Building RESTful APIs With Flask: An ORM With SQLAlchemy

In the first part of this three-part tutorial series, we saw how to write RESTful APIs all by ourselves using Flask as the web framework. The previous approach provided a whole lot of flexibility but also included writing a lot of code that otherwise could have been avoided in more generic cases. 

In this part, we will use a Flask extension, Flask-Restless, which simply generates RESTful APIs for database models defined with SQLAlchemy. I will take the same sample application as in the last part of this series to maintain context and continuity.

Installing Dependencies

While continuing with the application from the first part, we need to install only one dependency:

The Application

Flask-Restless makes adding RESTful API interfaces to models written with SQLAlchemy a piece of cake.  First, add the REST APIManager from the flask.ext.restless extension to the application configuration file.


Just adding the above couple of lines to the existing code should suffice.


This file comprises the bulk of the changes from the previous part. Below is the complete rewritten file.

It is pretty self-explanatory how the above code would work. We just imported the manager that was created in a previous file, and it is used to create an API for the Product model with the listed methods. We can add more methods like DELETE, PUT, PATCH, etc. as needed.

Application in Action

Let's test this application by creating some products and listing them. The endpoint created by this extension by default is http://localhost:5000/api/product.

As I did in the last part of this tutorial series, I will test this using the requests library via terminal.

How to Customize

It is really handy to have the RESTful APIs created automatically, but each application has some business logic which calls for customizations, validations, and clever/secure handling of requests as needed.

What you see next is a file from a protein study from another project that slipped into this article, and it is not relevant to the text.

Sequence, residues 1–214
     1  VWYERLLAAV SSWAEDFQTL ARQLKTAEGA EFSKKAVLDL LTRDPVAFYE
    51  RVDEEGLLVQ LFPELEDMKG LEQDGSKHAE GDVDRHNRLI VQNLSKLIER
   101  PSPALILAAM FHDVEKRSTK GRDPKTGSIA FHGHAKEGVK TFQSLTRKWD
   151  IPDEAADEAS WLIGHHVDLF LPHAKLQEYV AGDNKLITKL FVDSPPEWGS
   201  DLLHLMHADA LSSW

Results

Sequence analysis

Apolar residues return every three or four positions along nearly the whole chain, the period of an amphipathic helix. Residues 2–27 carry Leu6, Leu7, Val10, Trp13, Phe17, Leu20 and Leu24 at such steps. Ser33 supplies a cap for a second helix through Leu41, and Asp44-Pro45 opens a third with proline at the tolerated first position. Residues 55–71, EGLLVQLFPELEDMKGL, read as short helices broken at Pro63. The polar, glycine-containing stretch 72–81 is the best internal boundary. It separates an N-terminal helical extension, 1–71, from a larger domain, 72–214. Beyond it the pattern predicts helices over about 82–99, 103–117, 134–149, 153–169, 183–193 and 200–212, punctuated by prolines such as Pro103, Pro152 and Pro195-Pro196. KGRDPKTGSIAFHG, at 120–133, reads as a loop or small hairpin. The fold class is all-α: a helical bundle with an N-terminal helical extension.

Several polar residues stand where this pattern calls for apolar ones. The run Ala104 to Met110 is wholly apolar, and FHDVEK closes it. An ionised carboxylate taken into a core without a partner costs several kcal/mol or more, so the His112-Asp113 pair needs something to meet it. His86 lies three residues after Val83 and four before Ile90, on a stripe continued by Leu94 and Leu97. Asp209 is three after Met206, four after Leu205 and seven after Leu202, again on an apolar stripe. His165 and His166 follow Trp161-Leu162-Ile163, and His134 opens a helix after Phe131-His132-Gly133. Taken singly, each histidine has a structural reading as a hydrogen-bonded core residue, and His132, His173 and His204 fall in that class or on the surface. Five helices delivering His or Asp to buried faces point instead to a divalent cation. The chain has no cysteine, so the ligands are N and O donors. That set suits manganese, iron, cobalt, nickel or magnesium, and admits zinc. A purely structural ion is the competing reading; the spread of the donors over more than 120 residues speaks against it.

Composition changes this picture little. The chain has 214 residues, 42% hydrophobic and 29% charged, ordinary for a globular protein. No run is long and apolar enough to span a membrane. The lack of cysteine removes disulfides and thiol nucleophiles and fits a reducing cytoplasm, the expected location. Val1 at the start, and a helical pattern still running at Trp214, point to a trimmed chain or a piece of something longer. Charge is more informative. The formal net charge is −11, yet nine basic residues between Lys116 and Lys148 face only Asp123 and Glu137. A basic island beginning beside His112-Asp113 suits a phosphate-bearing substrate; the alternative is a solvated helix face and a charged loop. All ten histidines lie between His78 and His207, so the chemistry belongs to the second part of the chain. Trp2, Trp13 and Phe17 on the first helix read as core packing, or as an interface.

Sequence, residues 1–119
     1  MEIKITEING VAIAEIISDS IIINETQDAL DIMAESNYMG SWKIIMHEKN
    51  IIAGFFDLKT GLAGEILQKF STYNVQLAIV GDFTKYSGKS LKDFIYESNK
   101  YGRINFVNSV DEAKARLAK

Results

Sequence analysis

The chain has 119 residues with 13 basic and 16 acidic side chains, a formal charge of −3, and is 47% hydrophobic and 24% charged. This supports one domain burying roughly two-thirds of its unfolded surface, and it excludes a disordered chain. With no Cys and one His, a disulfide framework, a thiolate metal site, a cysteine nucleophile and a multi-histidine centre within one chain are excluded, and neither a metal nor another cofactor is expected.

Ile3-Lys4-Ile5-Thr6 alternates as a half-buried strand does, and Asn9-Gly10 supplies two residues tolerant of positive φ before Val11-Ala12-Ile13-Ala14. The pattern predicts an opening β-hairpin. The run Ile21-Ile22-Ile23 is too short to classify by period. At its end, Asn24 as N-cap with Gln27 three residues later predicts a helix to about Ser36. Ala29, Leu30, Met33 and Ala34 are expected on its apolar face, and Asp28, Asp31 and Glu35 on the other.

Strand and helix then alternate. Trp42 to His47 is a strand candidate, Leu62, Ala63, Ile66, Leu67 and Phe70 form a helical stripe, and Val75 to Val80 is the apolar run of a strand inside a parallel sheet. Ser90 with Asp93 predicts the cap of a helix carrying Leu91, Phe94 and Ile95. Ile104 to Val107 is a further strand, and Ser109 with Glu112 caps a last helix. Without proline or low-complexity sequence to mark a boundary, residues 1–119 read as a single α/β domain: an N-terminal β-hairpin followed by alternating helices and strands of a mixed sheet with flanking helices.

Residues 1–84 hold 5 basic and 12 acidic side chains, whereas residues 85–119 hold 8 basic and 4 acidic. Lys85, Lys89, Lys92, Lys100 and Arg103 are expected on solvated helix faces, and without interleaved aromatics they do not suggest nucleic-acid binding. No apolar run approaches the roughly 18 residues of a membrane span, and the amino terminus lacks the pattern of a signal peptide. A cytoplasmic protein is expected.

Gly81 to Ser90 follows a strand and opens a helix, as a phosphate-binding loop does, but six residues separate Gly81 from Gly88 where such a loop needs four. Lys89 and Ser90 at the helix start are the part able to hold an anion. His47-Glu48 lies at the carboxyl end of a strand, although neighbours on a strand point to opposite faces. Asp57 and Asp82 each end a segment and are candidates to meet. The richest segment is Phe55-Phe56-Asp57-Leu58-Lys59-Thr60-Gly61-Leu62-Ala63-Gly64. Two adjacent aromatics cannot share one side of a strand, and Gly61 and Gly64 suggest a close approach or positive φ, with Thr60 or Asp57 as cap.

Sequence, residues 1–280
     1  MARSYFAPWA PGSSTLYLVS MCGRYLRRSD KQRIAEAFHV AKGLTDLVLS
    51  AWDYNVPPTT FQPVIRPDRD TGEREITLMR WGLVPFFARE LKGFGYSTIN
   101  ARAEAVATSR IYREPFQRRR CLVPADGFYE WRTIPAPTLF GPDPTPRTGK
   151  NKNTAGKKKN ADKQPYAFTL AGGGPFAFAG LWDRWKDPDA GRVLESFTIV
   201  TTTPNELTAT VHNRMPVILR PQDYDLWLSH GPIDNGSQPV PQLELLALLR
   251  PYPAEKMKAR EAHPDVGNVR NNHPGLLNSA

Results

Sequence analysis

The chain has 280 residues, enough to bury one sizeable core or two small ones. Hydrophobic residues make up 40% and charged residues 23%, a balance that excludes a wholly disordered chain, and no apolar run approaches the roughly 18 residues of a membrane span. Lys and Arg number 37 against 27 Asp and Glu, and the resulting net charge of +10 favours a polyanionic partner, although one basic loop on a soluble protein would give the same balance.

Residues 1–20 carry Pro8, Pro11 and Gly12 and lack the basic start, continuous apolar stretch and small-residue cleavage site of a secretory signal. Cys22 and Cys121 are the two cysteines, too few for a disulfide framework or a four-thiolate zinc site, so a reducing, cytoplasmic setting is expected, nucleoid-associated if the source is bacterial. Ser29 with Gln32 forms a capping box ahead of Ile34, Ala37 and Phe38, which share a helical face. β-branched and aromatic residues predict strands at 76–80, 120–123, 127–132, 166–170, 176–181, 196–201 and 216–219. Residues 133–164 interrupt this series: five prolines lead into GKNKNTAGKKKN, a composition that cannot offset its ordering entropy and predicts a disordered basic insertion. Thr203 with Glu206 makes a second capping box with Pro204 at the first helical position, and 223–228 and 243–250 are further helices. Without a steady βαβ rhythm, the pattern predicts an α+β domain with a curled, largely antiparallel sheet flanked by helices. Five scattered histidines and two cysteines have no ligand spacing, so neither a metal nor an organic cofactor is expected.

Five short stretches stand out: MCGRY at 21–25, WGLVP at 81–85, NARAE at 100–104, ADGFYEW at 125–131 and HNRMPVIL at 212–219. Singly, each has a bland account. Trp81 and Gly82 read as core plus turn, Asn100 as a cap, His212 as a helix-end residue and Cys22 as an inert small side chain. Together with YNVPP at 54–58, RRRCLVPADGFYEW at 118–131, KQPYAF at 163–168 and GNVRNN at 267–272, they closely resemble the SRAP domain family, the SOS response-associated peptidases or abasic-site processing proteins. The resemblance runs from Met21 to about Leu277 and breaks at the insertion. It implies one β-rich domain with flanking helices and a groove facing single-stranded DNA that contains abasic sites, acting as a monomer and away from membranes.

Here, request preprocessors and postprocessors come to the rescue. As the names signify, methods designated as preprocessors run before the processing of the request, and methods designated as postprocessors run after the processing of the request. create_api() is the place where they are defined as dictionaries of the request type (GET, POST, etc.) and the methods as list which will act as preprocessors or postprocessors on the specified request. Below is a template example:

The GET, PUT, and PATCH requests have the flexibility of being fired for single as well as multiple records; therefore, they have two types each. In the code above, notice GET_SINGLE and GET_MANY for GET requests. 

The preprocessors and postprocessors accept different parameters for each type of request and work without any return value. This is left for you to try on your own.


In this part of this tutorial series, we saw how to create a RESTful API using Flask just by adding a couple of lines to a SQLAlchemy-based model. 

In the next and last part of this series, I will cover how to create a RESTful API using another popular Flask extension, but this time, the API will be independent of the modeling tool used for the database.



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